Does free will even exist? I could start today by pulling some of my Philosophy 101 knowledge out and dusting it off, but I won’t trouble you with that. So, on the pretense that we do have free will: is it morally wrong to take the free will of another we consider evil and forcing them to do “the right thing?” Are they really doing the right thing if they’re being forced to do so?
This train of thought left the station when I heard Superman’s Injustice 2 comment, “you’re going to make the right choice, or I’ll make it for you.” To me, it’s the kind of thing you’d hear from a supervillain, not a superhero (I haven’t been terribly involved in the DC universe outside of Teen Titans and Raven specifically, so please don’t write a blog about my Superman ignorance). His comment got me thinking: does this happen a lot in video games? Do you, the supposed good guy, do a very villainous thing like brainwash another “for the cause?”
Think back to 2010 – specifically Mass Effect 2. Remember Legion? I do. I freakin loved that Geth dude. Anyways (SPOILER ALERT), you go with him and Tali (or was it Liara?) on a loyalty mission and, lo and behold, the reason many of the Geth revolted was in part due to a programming error/virus (look… I’m a little foggy. It’s been like 7 years) and you have a chance to fix the issue and set them free of their aggression… sort of. There are two ways Shepard can go about fixing the issue: you can choose to rewrite their programming and basically brainwash them into not being rebellious and murderous anymore, or you can kill them. Just wipe all of the violent Geth out the galaxy. It seems like an easy choice until one of your team mates mentions that reprogramming them would be like death to them. They wouldn’t be the weird, violent, sentient AI robots that they were, and the error/virus is like an extensive line of mutations that makes each organic species unique. Suddenly, the choice becomes difficult. Give them real death, or a life where they might as well be dead. Real, or metaphorical? I chose to reprogram them, but I often wonder if it was the best choice or not.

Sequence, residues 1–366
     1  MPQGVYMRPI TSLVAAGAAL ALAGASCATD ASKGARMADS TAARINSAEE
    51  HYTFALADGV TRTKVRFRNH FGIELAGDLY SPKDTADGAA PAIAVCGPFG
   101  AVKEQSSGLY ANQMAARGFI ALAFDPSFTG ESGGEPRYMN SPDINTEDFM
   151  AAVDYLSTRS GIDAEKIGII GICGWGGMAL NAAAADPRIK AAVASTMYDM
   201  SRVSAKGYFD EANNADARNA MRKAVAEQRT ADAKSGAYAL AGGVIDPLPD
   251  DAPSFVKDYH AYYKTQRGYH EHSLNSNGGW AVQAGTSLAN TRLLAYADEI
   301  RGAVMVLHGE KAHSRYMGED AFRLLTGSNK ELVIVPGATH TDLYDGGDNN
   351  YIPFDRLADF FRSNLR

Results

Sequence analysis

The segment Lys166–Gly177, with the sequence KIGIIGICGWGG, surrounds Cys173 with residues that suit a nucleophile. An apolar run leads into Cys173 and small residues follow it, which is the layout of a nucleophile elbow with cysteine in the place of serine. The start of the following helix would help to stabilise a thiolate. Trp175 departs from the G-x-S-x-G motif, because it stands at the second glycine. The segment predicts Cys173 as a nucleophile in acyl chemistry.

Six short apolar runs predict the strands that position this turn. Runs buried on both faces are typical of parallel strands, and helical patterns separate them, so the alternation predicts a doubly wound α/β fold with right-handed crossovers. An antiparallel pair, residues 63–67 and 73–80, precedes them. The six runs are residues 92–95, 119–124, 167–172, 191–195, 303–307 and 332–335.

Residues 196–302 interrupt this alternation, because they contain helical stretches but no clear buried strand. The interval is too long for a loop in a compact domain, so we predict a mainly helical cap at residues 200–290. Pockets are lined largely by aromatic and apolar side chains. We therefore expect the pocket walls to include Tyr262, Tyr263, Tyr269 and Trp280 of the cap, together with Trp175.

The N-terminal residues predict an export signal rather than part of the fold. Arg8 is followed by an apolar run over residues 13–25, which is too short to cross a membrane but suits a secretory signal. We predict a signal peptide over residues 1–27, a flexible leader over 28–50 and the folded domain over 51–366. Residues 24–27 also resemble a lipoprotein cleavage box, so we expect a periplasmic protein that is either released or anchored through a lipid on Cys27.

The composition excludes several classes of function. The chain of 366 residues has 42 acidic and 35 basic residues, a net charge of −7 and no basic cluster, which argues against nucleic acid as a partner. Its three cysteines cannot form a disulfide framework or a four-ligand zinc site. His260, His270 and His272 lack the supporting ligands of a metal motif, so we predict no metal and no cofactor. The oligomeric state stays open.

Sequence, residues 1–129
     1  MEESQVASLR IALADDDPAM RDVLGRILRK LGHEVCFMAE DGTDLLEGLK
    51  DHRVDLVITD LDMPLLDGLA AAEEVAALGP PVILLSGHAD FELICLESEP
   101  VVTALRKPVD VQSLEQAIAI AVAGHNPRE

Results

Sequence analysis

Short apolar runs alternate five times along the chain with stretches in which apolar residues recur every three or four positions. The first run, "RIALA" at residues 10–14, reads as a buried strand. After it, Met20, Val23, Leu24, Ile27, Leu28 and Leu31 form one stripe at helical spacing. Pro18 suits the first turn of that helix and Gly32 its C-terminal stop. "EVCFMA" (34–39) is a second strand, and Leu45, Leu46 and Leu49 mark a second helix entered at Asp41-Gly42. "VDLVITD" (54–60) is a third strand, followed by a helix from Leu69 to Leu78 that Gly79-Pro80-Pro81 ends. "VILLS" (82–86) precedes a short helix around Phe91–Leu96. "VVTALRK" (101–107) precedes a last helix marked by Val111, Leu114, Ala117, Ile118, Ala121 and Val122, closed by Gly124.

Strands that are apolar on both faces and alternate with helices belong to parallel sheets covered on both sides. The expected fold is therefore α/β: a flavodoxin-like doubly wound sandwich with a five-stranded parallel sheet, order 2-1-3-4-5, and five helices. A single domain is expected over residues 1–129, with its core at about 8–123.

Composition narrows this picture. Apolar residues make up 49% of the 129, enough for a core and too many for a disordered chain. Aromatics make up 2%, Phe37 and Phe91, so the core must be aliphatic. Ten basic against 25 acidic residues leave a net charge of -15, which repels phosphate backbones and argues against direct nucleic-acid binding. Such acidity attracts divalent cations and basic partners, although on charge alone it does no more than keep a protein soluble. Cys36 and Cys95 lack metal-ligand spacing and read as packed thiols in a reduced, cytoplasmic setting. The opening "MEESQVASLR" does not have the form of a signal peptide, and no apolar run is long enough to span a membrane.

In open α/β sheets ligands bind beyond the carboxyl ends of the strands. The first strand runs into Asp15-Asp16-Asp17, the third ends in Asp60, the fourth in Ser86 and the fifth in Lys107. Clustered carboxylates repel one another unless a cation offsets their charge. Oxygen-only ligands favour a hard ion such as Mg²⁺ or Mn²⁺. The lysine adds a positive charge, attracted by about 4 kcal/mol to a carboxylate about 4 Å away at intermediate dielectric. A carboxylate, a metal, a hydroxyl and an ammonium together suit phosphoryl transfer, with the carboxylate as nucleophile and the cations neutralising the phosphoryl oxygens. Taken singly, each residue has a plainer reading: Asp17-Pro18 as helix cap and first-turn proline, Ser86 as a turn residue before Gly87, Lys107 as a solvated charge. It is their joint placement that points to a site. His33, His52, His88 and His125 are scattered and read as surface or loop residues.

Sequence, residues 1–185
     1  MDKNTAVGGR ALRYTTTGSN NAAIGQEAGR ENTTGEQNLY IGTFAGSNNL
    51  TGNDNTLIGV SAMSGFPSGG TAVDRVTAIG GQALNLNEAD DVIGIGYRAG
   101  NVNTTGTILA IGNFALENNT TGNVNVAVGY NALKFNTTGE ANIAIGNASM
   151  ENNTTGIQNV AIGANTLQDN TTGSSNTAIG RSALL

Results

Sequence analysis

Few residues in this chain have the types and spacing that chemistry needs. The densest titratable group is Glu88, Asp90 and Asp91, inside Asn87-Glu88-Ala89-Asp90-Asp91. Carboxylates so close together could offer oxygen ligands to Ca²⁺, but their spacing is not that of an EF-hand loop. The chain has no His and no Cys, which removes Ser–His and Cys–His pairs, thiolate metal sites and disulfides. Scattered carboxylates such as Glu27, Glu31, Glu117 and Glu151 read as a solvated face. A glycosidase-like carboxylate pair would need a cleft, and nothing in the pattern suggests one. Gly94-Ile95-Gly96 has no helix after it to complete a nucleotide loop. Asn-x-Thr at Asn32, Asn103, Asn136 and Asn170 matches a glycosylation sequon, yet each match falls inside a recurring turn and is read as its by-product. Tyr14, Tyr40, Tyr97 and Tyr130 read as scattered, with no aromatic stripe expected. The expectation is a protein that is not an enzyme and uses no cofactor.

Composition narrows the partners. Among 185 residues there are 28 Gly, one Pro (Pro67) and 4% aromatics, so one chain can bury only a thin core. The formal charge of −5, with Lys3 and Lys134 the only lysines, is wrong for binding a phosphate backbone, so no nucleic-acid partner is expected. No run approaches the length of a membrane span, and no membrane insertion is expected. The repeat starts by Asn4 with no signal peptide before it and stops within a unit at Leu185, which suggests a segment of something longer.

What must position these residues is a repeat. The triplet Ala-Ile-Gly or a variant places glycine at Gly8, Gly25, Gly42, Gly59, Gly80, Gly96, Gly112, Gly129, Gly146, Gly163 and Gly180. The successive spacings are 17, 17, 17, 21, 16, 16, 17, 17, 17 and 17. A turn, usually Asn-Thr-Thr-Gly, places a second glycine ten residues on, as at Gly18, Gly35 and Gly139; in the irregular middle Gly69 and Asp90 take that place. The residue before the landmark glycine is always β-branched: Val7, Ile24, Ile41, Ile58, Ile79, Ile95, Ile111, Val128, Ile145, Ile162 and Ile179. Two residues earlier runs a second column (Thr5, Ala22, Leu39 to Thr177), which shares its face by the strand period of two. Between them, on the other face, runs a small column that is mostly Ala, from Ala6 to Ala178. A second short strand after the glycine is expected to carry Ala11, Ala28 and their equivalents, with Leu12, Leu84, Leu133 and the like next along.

Sometimes we as gamers are given the ability to brainwash as a tool and nothing more. It’s not placed into the game as some moral dilemma to add interest to the story, or rouse questions and create empathy in the audience. Sometimes, it’s just a mechanic. Shadow of Mordor does just that. You (Talion) eventually gain the ability to dominate Caragors and Uruks to aid you in fights. This soon does lead into the story, but not as a moral dilemma: you have to build an army to fight alongside you. Some of the Uruks that you come across don’t need to be dominated, but the majority of them will. So you take your new ethereal powers, dominate a few hundred bad guys (who, by the way, you can kill with the press of a button. All of ‘em. All at once.) and go off to fight for the Bright Master, Celibrimbor. Are they really fighting for Celibrimbor though? After all, Talion holds this insane power over them and is able to kill them with no real effort, and even if they hadn’t basically been brainwashed this power alone is enough to convince them to do your bidding.
Sure, these guys are just the bad guys, right? I mean, as long as you, the protagonist, the good guy, get the desired effect, right? Or, does these actions simply being a means to an end make you the bad guy?
Who knows, maybe I’m overthinking this.